Christian mystics reckon “sloth” as one of the deadly sins. Sloth was defined by medieval monks (later determined to be heretical) as the lack of love. I suppose your reference to “we just stand and stare” as an observation of the lack of collective desire to put wisdom into action a plan to prevent a potential major crises. There is a lack of passion, of concern. Sloth. A quote from Stanford Lyman:

    “Sloth not only subverts the livelihood of the body, taking no care for its day-to-day provisions, but also slows down the mind, halting its attention to matters of great importance. Sloth hinders the man in his righteous undertakings and thus becomes a terrible source of human’s undoing.”

    I also discovered this quote by Edmund Burke: “No man, who is not inflamed by vain-glory into enthusiasm, can flatter himself that his single, unsupported, desultory, unsystematic endeavours are of power to defeat the subtle designs and united Cabals of ambitious citizens. When bad men combine, the good must associate; else they will fall, one by one, an unpitied sacrifice in a contemptible struggle.”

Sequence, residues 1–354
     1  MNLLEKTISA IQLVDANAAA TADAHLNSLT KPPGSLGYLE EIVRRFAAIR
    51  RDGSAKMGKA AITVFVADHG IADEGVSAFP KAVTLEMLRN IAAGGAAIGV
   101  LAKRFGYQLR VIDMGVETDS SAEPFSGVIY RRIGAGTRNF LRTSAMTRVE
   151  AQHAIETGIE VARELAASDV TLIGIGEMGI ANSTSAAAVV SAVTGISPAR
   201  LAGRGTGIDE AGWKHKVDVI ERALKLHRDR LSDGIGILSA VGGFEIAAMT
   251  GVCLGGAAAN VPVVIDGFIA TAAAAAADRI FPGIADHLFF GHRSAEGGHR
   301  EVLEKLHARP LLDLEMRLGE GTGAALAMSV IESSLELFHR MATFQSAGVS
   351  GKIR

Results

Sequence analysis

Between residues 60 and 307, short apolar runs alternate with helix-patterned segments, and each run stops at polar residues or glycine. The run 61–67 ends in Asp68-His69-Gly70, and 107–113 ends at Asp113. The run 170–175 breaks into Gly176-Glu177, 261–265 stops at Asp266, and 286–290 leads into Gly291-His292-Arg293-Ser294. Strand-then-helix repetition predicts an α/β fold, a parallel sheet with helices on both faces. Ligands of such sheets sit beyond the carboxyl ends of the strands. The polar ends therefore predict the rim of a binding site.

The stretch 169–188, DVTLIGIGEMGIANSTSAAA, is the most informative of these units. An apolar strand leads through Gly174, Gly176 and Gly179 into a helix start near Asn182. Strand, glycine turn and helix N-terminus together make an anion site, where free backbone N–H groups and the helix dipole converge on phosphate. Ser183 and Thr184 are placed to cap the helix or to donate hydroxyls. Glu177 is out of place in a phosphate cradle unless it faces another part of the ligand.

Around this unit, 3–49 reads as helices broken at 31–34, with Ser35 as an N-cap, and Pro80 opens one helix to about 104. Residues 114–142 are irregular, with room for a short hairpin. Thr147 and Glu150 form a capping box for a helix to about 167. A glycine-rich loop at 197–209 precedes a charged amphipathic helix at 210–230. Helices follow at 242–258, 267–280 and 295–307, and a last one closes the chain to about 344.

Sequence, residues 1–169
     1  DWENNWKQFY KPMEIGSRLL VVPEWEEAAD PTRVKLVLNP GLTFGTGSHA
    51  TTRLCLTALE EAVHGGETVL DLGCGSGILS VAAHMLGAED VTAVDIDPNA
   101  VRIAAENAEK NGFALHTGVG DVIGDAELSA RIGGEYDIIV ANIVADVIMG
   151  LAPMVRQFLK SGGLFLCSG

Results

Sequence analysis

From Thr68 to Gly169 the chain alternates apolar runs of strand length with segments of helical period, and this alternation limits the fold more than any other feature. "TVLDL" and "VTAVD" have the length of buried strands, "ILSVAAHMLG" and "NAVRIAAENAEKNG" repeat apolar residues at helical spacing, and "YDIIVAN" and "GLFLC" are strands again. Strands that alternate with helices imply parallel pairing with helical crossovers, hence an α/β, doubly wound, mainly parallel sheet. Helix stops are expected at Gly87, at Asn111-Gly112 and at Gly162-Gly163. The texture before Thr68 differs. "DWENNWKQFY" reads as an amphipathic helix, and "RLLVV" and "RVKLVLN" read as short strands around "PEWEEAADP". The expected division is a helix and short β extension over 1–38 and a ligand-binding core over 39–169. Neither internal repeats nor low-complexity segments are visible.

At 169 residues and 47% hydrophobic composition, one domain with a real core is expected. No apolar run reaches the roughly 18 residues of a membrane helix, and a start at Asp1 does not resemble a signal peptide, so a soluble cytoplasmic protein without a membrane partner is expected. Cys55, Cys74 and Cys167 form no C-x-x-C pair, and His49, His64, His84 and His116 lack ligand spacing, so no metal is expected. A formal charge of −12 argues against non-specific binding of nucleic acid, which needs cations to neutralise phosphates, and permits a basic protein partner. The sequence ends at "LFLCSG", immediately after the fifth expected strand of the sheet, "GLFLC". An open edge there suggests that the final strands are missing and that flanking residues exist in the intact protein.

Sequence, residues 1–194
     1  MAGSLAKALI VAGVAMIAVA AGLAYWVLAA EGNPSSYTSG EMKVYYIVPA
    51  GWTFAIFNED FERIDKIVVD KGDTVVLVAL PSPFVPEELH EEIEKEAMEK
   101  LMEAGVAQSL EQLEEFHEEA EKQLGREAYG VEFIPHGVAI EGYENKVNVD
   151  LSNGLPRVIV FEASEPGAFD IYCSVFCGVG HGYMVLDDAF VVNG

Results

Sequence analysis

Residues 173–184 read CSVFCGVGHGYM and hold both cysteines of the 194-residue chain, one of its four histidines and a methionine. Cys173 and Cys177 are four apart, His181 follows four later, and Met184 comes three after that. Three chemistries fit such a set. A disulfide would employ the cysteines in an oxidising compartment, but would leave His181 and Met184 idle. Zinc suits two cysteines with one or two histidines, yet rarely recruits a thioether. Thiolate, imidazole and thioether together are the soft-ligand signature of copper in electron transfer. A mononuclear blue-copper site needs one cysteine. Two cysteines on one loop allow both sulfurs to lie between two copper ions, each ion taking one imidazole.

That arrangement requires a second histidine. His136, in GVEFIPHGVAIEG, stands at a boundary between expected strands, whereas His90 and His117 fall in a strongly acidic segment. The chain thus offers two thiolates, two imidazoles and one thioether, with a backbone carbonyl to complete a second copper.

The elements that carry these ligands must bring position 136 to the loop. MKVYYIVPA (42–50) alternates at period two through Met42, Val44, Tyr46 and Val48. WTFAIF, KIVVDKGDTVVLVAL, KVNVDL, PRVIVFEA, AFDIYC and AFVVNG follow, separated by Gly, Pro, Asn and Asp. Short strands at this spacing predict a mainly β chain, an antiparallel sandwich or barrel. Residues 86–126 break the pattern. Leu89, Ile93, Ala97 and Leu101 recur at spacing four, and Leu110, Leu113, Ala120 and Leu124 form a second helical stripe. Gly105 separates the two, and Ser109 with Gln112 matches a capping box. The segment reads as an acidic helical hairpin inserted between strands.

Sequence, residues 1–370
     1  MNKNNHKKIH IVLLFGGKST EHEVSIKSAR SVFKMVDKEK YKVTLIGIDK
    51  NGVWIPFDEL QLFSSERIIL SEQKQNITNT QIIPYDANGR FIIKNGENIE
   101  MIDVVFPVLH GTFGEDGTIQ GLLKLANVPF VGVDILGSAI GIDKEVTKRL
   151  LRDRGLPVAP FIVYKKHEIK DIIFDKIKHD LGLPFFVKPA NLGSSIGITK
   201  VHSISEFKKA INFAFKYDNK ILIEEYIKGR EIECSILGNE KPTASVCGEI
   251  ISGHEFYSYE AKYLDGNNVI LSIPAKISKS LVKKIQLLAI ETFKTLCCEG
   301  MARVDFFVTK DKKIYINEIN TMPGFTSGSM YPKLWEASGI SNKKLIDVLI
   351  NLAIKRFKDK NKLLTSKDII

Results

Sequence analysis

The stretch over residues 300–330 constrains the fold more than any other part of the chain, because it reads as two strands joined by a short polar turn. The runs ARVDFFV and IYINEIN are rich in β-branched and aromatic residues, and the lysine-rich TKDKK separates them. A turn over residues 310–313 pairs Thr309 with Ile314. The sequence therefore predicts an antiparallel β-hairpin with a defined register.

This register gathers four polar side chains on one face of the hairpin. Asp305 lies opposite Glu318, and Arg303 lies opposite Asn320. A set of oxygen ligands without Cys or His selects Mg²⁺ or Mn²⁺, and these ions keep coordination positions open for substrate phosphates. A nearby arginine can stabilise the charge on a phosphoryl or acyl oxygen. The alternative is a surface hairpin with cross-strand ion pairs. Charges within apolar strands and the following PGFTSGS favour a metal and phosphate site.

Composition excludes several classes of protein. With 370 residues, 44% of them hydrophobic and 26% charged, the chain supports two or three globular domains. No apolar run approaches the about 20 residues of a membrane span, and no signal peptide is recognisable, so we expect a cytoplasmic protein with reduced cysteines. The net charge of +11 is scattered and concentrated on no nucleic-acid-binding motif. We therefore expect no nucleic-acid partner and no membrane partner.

The lesson I draw from your poem’s ‘spark’ in me is this: Humanity has a choice to make to prevent our inevitable destruction; Do we rest in ignorance as Poseidon reaps terror upon the world, or do we draw wisdom from Athena and make a different choice. As shown in your poem, perhaps, the first step to find ourselves in Athena’s good graces is to individually cast off our sluggishness, become ambitious citizens, and organize. It’s our choice to make;–not the choice of “evil men”–their choice has already been made. .

    BTW, check out Taino mythology regarding the goddess Guabancex who is known as the “one whose fury destroys everything.” Your use of the the ~ to separate your poems is also the symbol for this goddess. Pretty awesome if you did that intentionally!

    –dd

    .

    Like